By: Maha Mourad
Germany is well known for its history, culture, and natural beauty which are only a few ways to describe this beautiful country. With its historic cities and small towns, along with an abundance of forests and mountains, visitors will sure have a wide variety of places to visit and activities to be involved with during their visit!
Berlin’s Brandenburg Gate
Undoubtedly Berlin’s most iconic structure, built in 1791 for King Frederick William II, the monumental Brandenburg Gate in Berlin’s Mitte district, was the city’s first Neo-Classical structure and is the only surviving city gate which has a strong representation of the reunification of the East and West of Berlin. This gate measures 26-meters in height which includes the spectacular four-horse chariot perched atop – its six huge columns on each side of the structure form five impressive passages: four were used by regular traffic, while the center was reserved for the royal carriages. The two buildings at each side of the Gate, once used by toll-collectors and guards.
Cologne Cathedral (Kölner Dom)
The towering Cathedral of St. Peter and St. Mary, Kölner Dom, located on the banks of the Rhine is Cologne’s most impressive landmark and has been this way for many centuries. This masterpiece of High Gothic architecture, and is one of the largest cathedrals in Europe, making it the third tallest Cathedral in the world. Its construction began in 1248 and took over 600 years to complete. When visiting the Cathedral, be sure to take a look at the panoramic views from the South Towers, the 12th- and 13th-century stained glass in the Three Kings Chapel, and the Treasury with its many precious objects.
Neuschwanstein Castle – Germany
Located in Bavaria, Germany, this 19th Century Castle meaning “New Swanstone Castle” is one of Europe’s most visited castles in Germany and one of the most popular tourist destinations in Europe. The castle was built for King Ludwig II of Bavaria as a personal refuge/retreat, giving it its second name as the “Fairytale Castle”. This name came about when it was built and castles had no strategical or defensive purposes except for the aesthetic appearance. After King Ludwig’s death in 1886, the castle was opened to the public attracting 1.3 million people annually! If you visit this castle you will be amazed by the beautiful surrounding landscapes as it is located in the Alps of Bavaria!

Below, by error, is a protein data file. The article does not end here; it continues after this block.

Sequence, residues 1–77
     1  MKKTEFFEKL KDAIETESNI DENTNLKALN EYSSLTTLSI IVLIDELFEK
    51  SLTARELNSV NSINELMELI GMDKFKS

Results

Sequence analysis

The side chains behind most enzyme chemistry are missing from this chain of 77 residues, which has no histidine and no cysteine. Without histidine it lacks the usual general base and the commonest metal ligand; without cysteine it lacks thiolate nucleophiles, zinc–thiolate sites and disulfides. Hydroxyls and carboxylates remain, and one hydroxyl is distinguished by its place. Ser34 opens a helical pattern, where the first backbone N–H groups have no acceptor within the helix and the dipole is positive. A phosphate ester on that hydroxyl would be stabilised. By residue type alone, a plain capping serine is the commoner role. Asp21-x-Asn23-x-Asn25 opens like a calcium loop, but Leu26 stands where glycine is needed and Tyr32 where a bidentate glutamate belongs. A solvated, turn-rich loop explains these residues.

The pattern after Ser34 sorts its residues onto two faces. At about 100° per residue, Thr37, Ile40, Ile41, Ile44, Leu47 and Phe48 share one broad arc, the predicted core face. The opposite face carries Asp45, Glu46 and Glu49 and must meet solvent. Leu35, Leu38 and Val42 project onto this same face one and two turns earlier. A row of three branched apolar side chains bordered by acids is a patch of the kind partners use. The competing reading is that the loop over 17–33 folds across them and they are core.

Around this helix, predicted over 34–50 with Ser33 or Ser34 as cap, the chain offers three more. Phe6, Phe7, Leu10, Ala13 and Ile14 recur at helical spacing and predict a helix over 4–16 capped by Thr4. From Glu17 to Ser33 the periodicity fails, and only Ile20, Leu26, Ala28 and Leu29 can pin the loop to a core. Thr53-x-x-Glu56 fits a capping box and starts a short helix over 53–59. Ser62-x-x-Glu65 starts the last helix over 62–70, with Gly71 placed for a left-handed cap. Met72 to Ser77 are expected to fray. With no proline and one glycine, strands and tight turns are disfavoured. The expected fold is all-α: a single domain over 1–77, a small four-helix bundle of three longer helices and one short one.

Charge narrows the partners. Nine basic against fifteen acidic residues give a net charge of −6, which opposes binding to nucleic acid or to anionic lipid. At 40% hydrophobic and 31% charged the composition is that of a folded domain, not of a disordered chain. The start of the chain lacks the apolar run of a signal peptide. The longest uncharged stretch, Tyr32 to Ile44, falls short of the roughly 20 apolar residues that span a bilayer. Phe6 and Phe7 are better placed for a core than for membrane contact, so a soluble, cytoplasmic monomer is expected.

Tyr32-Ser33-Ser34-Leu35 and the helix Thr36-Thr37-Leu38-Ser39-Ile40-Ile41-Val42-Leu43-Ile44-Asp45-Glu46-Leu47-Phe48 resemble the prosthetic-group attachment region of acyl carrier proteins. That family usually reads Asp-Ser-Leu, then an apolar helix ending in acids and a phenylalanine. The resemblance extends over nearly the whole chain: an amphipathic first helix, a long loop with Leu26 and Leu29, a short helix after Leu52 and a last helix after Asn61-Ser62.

The Romantic Rhine
The Romantic Rhine is the most famous sections of the Rhine, running between Koblenz to Bingen. The river Rhine carves its way here through steep vineyard-covered hills topped with countless castles and ruins leading you through a region that boasts quintessential German scenery and culture; charming medieval towns surrounded by walls and towers, half-timbered houses, historic hotels, and restaurants that offer hearty food and great beer. The river has been an important trade route into central Europe since ancient times and a string of small towns has grown up along the banks. Constrained in size, many of these old towns retain a historic feel today
– The Black Forest
The beautiful Black Forest with its dark, densely-wooded hills is one of the most visited upland regions in all of Europe filled with rolling hills, small villages and lush forests! Located in the southwestern corner of Germany and extending 160 kilometers, it is a hiker’s dream! Popular spots include Germany’s oldest ski area at Todtnau, the magnificent spa facilities of Baden-Baden, and the attractive resort of Bad Liebenzell. Other highlights include the spectacular Black Forest Railway centered on Triberg with its famous falls, and Triberg itself, home to the Black Forest Open Air Museum. Dozens of attractive slow-paced small towns and villages make touring a delight, but perhaps the best way to explore is to base yourself in one of the two largest towns and strike out from there and enjoy the spectacular views!